AP style

Rich at threedonia.com writes about an AP article and putting the least important piece of the story at the end:

They ran a nineteen paragraph, 703 word story yesterday. When do the writers first mention Hasan’s terrorist connections? In paragraph nineteen (aka: the last paragraph), after 649 words of the story (aka: after 92% of the story has been written), we finally get this:

“The FBI learned late last year of Hasan’s repeated contact with a radical Muslim cleric in Yemen who encouraged Muslims to kill U.S. troops in Iraq. President Barack Obama already has ordered a review of all intelligence related to Hasan and whether the information was properly shared and acted upon within government agencies.”

This then, according to AP’s own stylebook, is the least important part of the Hasan story. Hasan’s terrorist connections (though we note that AP reporters Anne Gearan and Pauline Jelinek scrupulously avoid the use of the “T-word”) are deemed less important than: Army personnel policies, Army mental health services, suicide rates in the Army, the formation of an investigative panel and making the questionable point that Hasan opened fire on “mostly unarmed soldiers and civilians” (emphasis added) – among other things.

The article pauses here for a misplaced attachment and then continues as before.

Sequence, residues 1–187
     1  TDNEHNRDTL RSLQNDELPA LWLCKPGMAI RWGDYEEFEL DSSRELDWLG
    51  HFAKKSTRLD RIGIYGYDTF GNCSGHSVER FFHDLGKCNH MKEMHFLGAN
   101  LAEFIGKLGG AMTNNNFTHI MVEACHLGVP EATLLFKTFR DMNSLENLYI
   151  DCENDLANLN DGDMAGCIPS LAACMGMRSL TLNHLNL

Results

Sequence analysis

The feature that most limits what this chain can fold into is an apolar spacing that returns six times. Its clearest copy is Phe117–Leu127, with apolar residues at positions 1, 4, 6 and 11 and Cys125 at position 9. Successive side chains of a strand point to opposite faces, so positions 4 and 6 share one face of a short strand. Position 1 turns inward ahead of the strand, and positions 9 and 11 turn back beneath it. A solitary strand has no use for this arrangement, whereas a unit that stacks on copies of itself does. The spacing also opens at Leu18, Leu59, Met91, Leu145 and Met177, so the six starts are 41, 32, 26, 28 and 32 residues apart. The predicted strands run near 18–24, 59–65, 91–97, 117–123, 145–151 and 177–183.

Right on, Rich. The AP “style” plus their biases and irresponsibility continues to push people away with a world view that many readers not only detect, but reject absolutely.

In fact, I believe that one major factor in the decline of newspapers is that industry’s near-complete dependence on the AP for non-local news. Life is too short to read anti-American lies and spin every damn day. More and more people have probably said, like I have, “why do I need this in my life?” I started skipping AP stories routinely about 3 years ago.

The WSJ, on the other hand, is doing just fine. They don’t use the AP, as far as I know.

I hear news types whining constantly about the Internet, and how valuable their role in our society is, and on and on. I never hear any of them say “you know, maybe the monolithic biased content was a problem since only 40% of the country sides with us”.


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